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Federal Subsistence Board Continues Subsistence Hunts for Muskox, Moose in Unit 22

A bull muskox. Photo: Tim Bowman, U.S. Fish and Wildlife Service.
A bull muskox. Photo: Tim Bowman, U.S. Fish and Wildlife Service.

The Federal Subsistence Board convened on April 27th to consider changes to Federal subsistence hunting and trapping regulations. For Western Alaska, the Board mostly maintained the status quo and upheld muskox closures in the Norton Sound as well as declined to reopen moose harvesting in Unit 22A to everyone.

Due to coronavirus concerns, the meeting was held via teleconference. With over fifty wildlife proposals up for consideration, the Board had to adapt to the new format.

“We had some logistical challenges: making sure that we had enough phone lines, because it is a public meeting. So, we wanted to make sure there was enough access for the public to call in and give their comments on proposals.”

– Chris McKee

Chris McKee is the Wildlife Supervisor for the Office of Subsistence Management (OSM). In Unit 22—the hunting region including much of the Norton Sound—the Board voted to maintain the status quo on all muskox closures in Unit 22. This means only Federally qualified subsistence users will be able to harvest within those areas. 

After consideration, a proposal to reopen moose hunting in Unit 22A to all users—which contains the communities of Unalakleet and Shaktoolik—was not adopted. According to OSM, there is a particularly low density in moose population throughout Unit 22A. McKee explained that the Board’s decision was influenced by multiple factors.

“During the last Federal Subsidence Board meeting—during the previous cycle—the Board opened up the area to all Federally qualified users in Unit 22.  Prior to that, the area was only open up to Federally qualified subsistence users living within Unit 22A. It wasn’t open to all federally qualified users. The Board is trying to take a “step-wise” approach to opening up closures. They generally don’t go from fully closed to opening it up to everyone.”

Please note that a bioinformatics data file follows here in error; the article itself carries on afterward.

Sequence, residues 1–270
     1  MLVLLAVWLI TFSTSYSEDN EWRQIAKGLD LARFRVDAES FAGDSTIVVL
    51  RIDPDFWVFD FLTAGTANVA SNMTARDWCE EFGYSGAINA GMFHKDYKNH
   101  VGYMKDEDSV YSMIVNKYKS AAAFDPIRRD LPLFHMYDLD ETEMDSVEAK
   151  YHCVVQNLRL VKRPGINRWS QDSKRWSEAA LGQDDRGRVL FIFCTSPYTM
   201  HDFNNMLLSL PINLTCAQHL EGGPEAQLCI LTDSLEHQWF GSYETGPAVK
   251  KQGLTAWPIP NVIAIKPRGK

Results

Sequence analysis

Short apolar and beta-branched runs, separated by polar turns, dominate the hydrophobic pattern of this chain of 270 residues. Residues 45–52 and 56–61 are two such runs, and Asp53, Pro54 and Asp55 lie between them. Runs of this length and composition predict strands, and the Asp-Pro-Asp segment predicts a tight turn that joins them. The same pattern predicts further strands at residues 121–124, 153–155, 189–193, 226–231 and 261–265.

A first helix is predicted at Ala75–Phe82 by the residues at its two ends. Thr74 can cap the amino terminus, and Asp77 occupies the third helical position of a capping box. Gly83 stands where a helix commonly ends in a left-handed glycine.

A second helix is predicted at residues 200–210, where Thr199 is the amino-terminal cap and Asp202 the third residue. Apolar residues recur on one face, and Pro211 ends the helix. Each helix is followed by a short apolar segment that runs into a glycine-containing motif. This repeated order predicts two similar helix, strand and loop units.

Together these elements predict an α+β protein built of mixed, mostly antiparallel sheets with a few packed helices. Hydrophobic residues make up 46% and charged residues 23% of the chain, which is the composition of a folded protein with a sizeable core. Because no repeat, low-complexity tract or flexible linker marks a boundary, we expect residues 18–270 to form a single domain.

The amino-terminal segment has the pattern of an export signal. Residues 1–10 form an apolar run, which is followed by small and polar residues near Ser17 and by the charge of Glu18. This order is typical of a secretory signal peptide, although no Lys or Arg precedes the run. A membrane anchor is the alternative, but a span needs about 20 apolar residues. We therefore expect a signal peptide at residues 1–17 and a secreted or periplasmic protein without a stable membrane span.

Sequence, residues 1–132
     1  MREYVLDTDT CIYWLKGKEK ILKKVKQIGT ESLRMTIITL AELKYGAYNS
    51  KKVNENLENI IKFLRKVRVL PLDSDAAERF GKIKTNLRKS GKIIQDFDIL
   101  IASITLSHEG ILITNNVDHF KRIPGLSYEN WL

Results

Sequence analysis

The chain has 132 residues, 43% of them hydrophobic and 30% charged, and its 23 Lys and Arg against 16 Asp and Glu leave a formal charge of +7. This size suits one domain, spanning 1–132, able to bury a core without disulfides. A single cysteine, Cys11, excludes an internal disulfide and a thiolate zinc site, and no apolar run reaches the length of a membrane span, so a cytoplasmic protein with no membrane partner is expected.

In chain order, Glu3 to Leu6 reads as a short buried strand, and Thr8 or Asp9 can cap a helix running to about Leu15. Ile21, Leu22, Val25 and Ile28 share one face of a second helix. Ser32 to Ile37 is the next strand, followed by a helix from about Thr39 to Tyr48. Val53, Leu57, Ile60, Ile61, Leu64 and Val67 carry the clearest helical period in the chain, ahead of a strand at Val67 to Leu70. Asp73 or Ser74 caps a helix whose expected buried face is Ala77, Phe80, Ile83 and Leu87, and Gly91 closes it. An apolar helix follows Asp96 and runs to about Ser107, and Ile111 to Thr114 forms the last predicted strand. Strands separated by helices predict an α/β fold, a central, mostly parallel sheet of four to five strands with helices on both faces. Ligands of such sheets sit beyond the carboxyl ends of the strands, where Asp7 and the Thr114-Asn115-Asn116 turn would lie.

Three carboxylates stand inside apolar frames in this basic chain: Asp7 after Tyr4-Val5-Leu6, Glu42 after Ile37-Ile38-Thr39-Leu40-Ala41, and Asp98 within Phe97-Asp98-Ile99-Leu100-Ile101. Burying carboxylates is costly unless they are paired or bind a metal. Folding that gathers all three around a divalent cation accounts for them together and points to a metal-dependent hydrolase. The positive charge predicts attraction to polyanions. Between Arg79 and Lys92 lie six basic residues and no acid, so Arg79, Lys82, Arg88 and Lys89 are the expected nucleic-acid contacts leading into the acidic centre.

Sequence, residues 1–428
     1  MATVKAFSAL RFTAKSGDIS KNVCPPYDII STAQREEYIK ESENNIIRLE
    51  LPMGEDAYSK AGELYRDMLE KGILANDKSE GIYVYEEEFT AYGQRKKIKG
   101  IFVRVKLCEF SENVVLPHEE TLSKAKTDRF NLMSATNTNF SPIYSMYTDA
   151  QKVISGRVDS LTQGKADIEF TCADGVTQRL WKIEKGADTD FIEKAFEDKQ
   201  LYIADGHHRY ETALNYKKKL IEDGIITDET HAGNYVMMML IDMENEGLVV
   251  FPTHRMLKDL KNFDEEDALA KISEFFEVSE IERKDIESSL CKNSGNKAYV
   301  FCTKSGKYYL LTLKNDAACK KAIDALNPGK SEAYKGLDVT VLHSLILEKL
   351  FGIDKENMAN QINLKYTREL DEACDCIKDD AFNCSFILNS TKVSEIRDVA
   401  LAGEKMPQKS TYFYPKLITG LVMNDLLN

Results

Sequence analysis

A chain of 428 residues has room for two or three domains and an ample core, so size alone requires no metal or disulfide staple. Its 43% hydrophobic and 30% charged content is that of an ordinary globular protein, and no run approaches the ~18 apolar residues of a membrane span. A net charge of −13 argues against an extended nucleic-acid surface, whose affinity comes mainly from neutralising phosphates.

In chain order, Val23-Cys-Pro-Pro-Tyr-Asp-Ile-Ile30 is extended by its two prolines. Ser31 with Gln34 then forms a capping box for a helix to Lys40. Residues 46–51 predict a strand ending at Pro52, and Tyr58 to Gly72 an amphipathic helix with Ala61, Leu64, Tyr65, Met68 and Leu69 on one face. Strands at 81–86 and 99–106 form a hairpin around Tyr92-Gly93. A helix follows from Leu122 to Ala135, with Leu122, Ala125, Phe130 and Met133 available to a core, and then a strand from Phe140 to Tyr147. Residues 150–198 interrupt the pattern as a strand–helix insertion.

McKee went on to note that last fall, the Seward Peninsula Subsistence Regional Advisory Council voted to oppose opening the area up as well. According to OSM, the Board rarely goes against the recommendations of its Regional Advisory Councils.

In Unit 23, a proposal was adopted closing the cow moose season. However, the Board chose to amend the proposal, which initially required Federally qualified subsistence users to obtain a State registration permit to harvest moose in what is commonly known as an RM880 hunt.

“In other words, in order to harvest a bull moose in that unit now, a Federally qualified user would only have to get a state harvest ticket, not a registration permit.”

– Chris McKee

McKee says in the future, that regulation may change. He cited a similar example from the last proposal cycle, when the Federal Subsistence Board required caribou hunters to obtain both state harvest tickets and Federal RM880s.

Anyone—resident or non-resident—can submit or comment on the proposals that go before the Board. The wildlife proposal window opens up in January of odd-numbered years and the Board meets to discuss them in April of the same year.

McKee emphasized how important public and written testimony is to the Board.

“We like to refer to the Federal Subsistence Program as a “bottom-up-program.” It’s a user-driven program. For instance, the Office of Subsistence Management almost never submits proposals to the Federal Subsistence Board. It’s totally driven by the users on the ground.”

The adopted proposals go into effect on July 1st and will be included in this year’s Alaska Hunting Regulation book, which becomes publicly available on the same date.

Image at top: A bull muskox. Photo from Tim Bowman, U.S. Fish and Wildlife Service, via public domain.

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